Background: The leaves of Chenopodium ambrosioides L. (Chenopodiaceae) are widely used in Moroccan traditional medicine to treat diabetes and hypertension. The goal of the present work is to investigate the hypotensive properties of different extract and fractions of the plant in anesthetized normotensive rats and to elucidate the mechanism underlying this effect.Methods: The hypotensive effect of aqueous extract (AqE) of the leaves of C. ambrosioides L., methanolic (MF), ethyl acetate (AcF), and aqueous (AqF) Soxhlet fractions, administrated intravenously, was evaluated in anesthetized rats. The recorded signals of blood pressure and heart rate were visualized and analyzed by using an acquisition card “National Instrument” and software Labview 6.1.Results: Intravenous administration of AqE of the leaves of C. ambrosioides L. induces a dose-dependent hypotension. A similar effect was obtained with MF, AcF, and AqF. Atropine (1 mg/kg), used to block cholinergic system, significantly reduced the hypotensive response to MF and AcF suggesting the presence of the cholinomimetic–muscarinic components in these fractions. However, the blood pressure lowering effect of MF and AcF in rats pretreated with L-NAME 20 mg/kg was unchanged showing that the release of NO is not implicated in the hypotensive action of this plant.Conclusions: The present study demonstrates that extracts from leaves of C. ambrosioides induce hypotensive effect that may be partially associated with its cardiac effects. These results may partly explain the traditional use of leaves of C. ambrosioides L. for the treatment of disorders such as hypertension.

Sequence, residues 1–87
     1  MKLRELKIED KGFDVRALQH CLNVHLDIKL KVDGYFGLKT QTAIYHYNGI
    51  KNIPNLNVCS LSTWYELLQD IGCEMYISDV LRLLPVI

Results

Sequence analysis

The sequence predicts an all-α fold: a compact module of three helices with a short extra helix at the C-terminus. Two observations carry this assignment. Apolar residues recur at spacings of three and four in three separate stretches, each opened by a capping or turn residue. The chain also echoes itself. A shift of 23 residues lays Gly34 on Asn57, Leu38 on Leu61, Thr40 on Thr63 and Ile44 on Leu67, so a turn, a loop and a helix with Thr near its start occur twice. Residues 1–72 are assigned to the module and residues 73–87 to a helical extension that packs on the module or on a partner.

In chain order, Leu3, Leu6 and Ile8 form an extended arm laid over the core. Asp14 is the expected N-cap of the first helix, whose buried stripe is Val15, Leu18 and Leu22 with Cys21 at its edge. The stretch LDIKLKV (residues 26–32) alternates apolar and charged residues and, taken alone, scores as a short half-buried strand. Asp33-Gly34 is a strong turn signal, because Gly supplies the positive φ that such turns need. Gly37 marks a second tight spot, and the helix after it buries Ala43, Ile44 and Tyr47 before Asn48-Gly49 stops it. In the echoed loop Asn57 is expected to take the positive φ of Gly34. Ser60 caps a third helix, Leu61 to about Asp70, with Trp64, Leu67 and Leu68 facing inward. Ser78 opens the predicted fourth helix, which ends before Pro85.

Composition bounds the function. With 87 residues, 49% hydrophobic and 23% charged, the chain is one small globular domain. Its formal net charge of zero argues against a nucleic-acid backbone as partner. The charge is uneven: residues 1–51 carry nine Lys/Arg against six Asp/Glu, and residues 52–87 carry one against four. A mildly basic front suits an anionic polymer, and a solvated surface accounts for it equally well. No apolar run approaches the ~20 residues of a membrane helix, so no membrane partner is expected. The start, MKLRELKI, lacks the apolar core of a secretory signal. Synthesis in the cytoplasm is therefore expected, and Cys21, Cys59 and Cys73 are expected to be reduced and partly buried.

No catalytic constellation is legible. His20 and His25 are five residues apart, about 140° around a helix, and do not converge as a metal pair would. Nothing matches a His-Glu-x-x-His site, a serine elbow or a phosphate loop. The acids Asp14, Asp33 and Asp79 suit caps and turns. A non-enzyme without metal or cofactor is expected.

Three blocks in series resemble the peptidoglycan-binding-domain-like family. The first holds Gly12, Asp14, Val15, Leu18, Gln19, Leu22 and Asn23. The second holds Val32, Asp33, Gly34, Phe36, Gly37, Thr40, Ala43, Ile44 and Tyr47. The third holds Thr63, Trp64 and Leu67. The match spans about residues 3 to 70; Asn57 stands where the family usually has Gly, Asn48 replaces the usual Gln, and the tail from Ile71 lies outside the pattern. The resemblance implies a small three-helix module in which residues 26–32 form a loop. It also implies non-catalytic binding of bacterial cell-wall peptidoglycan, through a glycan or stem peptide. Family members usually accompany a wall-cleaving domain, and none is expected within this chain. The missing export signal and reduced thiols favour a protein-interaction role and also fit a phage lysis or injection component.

We express our thanks to Mrs. Mostafa Badraoui and Karim Ramdaoui from our laboratory for the reliable care of animals breeding. This work was supported by grants from CNRST, Morocco [Project URAC-40] and from Belgium [Program 3, CUD Project].
Conflict of interest statement
Authors’ conflict of interest disclosure: The authors stated that there are no conflicts of interest regarding the publication of this article. Research funding played no role in the study design; in the collection, analysis, and interpretation of data; in the writing of the report; and in the decision to submit the report for publication.
Research funding: None declared.
Employment or leadership: None declared.
Honorarium: None declared.
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